These procedures were performed as previously described [15]. A primary antibody targeting CDC27 (Santa, sc-9972, 1:50) was used. CDC27 immunostaining intensity was scored as follows: negative = 0, weak = 1, moderate = 2, or strong = 3. The final H score was calculated by multiplying the CDC27 immunostaining intensity score by the percentage of CDC27-immunostained area. Receiver operating characteristic (ROC) curve analysis was used to determine a cutoff value for defining high or low CDC27 expression. A ROC curve was generated to plot the sensitivity and specificity for the outcome, and the H score that was closest to the point of maximal sensitivity and specificity was selected as the cutoff value.

RNA extraction and qRT-PCR

These procedures were performed as previously described [15]. Briefly, total RNA was isolated using TRIzol reagent (Invitrogen) according to the manufacturer's instructions, and cDNA was synthesized using the GoScript Reverse Transcription System (Promega). The primers used are shown in Supplementary Table S1.

Western blotting analysis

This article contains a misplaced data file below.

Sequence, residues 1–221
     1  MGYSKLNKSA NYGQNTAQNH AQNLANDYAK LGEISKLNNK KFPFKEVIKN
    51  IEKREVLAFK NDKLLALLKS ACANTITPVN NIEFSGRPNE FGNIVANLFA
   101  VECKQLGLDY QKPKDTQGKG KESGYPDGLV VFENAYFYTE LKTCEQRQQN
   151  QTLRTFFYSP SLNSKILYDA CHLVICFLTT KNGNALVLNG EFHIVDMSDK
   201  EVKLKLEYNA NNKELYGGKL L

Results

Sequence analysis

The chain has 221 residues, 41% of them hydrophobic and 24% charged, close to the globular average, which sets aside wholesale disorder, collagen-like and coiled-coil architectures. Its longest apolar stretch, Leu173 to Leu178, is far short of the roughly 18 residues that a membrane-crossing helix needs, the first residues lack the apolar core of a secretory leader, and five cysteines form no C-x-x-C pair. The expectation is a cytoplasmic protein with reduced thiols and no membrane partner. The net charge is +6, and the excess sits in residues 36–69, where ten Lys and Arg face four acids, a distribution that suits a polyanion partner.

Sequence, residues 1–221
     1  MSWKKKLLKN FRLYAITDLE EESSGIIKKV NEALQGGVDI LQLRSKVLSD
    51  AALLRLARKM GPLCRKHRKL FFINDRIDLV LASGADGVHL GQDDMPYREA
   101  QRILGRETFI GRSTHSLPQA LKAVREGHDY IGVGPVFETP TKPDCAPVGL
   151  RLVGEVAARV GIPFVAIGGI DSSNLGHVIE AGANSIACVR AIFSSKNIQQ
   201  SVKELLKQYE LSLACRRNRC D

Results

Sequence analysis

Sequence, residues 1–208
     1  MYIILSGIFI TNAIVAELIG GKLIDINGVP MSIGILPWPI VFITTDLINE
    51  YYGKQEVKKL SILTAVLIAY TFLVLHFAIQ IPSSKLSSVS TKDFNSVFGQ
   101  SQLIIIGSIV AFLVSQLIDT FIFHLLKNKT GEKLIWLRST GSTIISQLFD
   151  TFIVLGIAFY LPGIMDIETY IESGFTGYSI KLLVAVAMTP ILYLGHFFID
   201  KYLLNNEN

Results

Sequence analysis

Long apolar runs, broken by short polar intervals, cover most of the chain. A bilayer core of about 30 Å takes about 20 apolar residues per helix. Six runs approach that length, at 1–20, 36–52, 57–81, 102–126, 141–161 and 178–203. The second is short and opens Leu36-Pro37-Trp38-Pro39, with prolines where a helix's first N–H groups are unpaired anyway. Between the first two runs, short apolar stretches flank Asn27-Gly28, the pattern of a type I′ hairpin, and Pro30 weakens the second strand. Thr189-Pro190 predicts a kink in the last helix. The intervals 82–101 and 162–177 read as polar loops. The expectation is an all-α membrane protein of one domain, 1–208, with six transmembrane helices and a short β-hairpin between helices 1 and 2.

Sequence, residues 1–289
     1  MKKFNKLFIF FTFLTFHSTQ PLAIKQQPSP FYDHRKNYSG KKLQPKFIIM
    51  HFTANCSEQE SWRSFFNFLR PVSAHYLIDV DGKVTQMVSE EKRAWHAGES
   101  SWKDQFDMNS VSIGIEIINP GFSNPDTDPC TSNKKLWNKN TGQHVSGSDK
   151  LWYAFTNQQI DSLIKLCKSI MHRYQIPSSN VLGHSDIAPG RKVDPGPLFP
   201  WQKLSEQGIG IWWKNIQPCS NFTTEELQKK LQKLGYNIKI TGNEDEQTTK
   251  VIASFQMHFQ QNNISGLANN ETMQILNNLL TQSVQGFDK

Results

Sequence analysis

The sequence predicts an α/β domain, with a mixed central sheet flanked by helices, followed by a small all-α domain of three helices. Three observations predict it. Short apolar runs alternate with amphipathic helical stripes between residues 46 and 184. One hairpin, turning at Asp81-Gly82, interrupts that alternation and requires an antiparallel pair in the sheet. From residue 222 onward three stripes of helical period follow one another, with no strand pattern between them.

This procedure was performed as described previously [15]. Briefly, cells were collected and lysed in RIPA buffer (Beyotime, P0013B). Total protein samples were loaded and separated on sodium dodecyl sulfate-polyacrylamide gradient gels, followed by transfer to PVDF membranes. Then, the membranes were blocked with 5% non-fat milk for 2 h at room temperature. Next, the membranes were incubated with the primary antibody followed by a horseradish peroxidase-conjugated secondary antibody. Then, the immunoreactive protein bands were detected using an electrochemiluminescence system (KeyGENBioTECH). Primary antibodies against the following antigens were used: CDC27 (Santa Cruz, sc-9972; 1:200), ID1 (Santa Cruz, sc-488; 1:200), ZO-1 (Cell Signaling Technology, #8193; 1:1000), E-cadherin (Cell Signaling Technology, #3195; 1:1000), ZEB1 (Cell Signaling Technology, #3396; 1:1000), Snail (Cell Signaling Technology, #3879; 1:1000), CD44 (Cell Signaling Technology, #3570; 1:1000), and GAPDH (Proteintech, 60004-1-lg, 1:10000).

Plasmid generation and stable cell line construction

Stable cell lines were constructed as described previously [15].

Migration and invasion assays

Transfected cells (1×105) in 200 μL of serum-free DMEM or RPMI 1640 medium were plated on uncoated or Matrigel-coated cell culture inserts (8-μm pores; BD Falcon, San Jose, CA). DMEM or RPMI 1640 medium containing 10% FBS was added to the bottom chamber. After 18-24 hours, the cells on the lower surface of the filter were fixed, stained, and examined using a microscope. The number of migrated cells in three randomly selected optical fields (×100 magnification) from triplicate filters was averaged.

Sphere-formation assay

For the sphere-formation assays, cells were resuspended and seeded in DMEM/F12 medium supplemented with 20 ng/mL epidermal growth factor (Invitrogen) and 1% penicillin/streptomycin. The size and number of cell spheres were evaluated via microscopy after 12 days.